CACINA

Carry the gospel with you

Posted in christian, Christianity, inspirational, religion, scripture by Mike on May 30, 2012

Gospel reading of the day:

Mark 10:32-45

The disciples were on the way, going up to Jerusalem, and Jesus went ahead of them. They were amazed, and those who followed were afraid. Taking the Twelve aside again, he began to tell them what was going to happen to him.

“Behold, we are going up to Jerusalem, and the Son of Man will be handed over to the chief priests and the scribes, and they will condemn him to death and hand him over to the Gentiles who will mock him, spit upon him, scourge him, and put him to death, but after three days he will rise.”

Then James and John, the sons of Zebedee, came to Jesus and said to him, “Teacher, we want you to do for us whatever we ask of you.” He replied, “What do you wish me to do for you?” They answered him, “Grant that in your glory we may sit one at your right and the other at your left.” Jesus said to them, “You do not know what you are asking. Can you drink the chalice that I drink or be baptized with the baptism with which I am baptized?” They said to him, “We can.” Jesus said to them, “The chalice that I drink, you will drink, and with the baptism with which I am baptized, you will be baptized; but to sit at my right or at my left is not mine to give but is for those for whom it has been prepared.”

When the ten heard this, they became indignant at James and John. Jesus summoned them and said to them, “You know that those who are recognized as rulers over the Gentiles lord it over them, and their great ones make their authority over them felt. But it shall not be so among you. Rather, whoever wishes to be great among you will be your servant; whoever wishes to be first among you will be the slave of all. For the Son of Man did not come to be served but to serve and to give his life as a ransom for many.”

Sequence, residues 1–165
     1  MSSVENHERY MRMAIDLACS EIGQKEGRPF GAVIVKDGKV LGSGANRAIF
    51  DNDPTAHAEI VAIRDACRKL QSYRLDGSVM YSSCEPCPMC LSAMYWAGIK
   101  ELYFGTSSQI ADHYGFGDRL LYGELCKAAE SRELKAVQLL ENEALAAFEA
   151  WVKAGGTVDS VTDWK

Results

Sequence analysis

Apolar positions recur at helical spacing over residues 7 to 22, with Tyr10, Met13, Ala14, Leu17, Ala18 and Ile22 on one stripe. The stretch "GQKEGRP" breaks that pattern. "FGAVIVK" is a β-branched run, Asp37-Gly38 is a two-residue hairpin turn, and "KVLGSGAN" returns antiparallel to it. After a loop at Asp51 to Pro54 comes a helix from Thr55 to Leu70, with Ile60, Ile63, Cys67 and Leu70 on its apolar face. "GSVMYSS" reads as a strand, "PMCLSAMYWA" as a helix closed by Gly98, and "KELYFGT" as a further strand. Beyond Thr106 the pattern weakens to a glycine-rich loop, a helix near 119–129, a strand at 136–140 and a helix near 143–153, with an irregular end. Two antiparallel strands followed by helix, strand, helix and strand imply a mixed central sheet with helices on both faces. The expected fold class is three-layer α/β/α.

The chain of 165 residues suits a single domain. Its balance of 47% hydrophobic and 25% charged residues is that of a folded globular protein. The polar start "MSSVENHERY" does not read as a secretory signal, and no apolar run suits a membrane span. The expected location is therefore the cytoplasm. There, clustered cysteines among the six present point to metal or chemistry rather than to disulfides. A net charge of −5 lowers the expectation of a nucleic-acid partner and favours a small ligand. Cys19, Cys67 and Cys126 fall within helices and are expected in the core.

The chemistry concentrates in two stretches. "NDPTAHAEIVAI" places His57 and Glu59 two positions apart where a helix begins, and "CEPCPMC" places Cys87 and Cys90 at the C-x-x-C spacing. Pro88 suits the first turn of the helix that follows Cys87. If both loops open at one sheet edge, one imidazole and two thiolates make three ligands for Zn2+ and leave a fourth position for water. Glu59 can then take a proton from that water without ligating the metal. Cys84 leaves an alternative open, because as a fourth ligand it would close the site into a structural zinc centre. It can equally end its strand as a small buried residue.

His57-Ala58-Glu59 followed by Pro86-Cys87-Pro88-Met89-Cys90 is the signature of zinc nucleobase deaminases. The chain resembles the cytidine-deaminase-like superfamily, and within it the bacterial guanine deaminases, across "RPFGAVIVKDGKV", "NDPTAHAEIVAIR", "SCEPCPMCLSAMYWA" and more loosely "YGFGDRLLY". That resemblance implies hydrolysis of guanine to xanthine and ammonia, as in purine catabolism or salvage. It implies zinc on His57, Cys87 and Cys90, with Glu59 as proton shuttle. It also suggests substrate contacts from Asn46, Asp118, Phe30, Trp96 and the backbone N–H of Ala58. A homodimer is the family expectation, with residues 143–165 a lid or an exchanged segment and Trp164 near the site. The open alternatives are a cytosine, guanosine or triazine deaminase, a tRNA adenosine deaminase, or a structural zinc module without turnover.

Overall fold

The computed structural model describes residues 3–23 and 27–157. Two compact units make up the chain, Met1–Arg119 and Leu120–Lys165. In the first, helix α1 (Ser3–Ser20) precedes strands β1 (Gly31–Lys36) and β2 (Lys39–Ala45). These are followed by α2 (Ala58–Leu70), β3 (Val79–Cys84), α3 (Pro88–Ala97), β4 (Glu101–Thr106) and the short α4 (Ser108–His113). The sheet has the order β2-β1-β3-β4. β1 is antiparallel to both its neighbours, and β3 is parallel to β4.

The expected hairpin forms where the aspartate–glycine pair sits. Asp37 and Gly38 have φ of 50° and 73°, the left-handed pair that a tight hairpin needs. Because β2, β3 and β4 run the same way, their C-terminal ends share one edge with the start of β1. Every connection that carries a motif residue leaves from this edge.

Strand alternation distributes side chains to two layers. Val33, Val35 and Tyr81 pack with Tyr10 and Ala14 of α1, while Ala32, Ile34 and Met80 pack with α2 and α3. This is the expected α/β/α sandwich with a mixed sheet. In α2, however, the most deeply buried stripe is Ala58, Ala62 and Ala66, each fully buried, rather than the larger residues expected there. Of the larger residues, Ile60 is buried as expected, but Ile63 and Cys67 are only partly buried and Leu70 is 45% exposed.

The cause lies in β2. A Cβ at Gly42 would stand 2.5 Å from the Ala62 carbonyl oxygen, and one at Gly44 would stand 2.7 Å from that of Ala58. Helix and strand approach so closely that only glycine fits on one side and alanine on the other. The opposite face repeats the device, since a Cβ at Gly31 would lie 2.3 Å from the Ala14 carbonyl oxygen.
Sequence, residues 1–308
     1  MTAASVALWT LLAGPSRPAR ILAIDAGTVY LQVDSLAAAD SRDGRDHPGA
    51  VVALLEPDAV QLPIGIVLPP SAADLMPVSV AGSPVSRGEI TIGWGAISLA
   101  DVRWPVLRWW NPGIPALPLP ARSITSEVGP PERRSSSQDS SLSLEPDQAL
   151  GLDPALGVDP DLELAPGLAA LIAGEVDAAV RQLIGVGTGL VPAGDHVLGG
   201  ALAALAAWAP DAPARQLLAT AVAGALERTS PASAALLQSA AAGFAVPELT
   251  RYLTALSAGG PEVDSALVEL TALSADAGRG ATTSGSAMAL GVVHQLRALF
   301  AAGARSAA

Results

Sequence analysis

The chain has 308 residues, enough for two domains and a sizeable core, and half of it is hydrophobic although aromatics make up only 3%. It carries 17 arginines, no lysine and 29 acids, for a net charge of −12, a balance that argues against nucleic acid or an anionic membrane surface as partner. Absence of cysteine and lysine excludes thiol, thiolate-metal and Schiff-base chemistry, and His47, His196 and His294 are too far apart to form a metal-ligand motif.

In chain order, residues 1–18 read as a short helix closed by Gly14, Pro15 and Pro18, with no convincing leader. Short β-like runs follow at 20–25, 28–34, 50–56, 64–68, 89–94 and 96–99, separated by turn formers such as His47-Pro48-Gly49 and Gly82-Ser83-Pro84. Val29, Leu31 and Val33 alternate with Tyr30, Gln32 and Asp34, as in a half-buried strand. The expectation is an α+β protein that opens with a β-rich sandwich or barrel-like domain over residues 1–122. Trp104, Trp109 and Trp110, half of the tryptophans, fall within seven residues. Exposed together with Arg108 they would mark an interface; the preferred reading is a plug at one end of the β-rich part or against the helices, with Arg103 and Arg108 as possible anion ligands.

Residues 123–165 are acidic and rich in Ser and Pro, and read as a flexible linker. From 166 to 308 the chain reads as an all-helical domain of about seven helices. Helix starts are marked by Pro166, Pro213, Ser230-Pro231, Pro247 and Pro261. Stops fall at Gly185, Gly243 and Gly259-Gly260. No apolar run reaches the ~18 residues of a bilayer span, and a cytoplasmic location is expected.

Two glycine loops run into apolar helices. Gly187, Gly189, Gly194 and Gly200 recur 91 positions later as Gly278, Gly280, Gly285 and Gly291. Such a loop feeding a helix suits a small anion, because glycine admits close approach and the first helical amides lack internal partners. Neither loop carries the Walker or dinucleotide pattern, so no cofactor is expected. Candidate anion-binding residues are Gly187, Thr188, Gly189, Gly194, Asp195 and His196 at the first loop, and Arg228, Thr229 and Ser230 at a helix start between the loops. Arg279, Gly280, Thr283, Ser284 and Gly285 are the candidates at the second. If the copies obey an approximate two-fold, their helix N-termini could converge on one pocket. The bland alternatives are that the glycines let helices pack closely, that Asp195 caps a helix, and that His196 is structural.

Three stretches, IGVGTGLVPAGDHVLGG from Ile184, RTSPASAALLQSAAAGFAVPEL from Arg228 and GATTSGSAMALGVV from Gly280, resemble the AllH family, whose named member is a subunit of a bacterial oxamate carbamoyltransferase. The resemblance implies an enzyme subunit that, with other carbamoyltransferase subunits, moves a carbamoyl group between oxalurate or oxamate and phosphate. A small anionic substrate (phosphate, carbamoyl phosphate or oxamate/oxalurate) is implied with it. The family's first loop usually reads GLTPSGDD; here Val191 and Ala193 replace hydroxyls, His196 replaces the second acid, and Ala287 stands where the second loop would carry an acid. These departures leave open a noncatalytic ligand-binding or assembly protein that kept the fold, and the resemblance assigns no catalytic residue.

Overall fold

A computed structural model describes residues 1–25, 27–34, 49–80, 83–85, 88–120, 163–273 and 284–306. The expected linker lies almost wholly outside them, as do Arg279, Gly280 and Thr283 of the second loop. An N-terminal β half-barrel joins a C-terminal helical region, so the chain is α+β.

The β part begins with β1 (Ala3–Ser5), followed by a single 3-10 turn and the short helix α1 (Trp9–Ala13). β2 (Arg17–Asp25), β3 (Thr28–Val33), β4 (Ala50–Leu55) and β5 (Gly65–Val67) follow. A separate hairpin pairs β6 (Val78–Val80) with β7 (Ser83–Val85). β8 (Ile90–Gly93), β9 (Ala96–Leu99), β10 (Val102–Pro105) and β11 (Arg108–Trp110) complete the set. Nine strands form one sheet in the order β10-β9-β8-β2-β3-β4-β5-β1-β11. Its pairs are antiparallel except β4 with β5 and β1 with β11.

Reflection on the gospel reading: In Mark’s gospel, Jesus three times foretells his suffering and death. Today’s gospel passage relates the third time that Jesus makes this prediction. Over the last couple of days, we have seen the rich young man receive and reject a call to follow the Lord and Jesus’ subsequent teaching about the call to discipleship. Today’s gospel explains what the real price of following Jesus is and describes the nature of Christian discipleship.

The gospel reading suggests that Jesus and his disciples were on the way to Jerusalem. The text indicates that the disciples were very concerned about what Jesus was doing; after all, they knew that the authorities were after Jesus and they suspected this journey could have no good end. Surely, they must have wondered if Jesus appreciated the situation, but the Lord demonstrates to them that he knows exactly what he is doing and tells them precisely what will happen to him when they arrive in Jerusalem.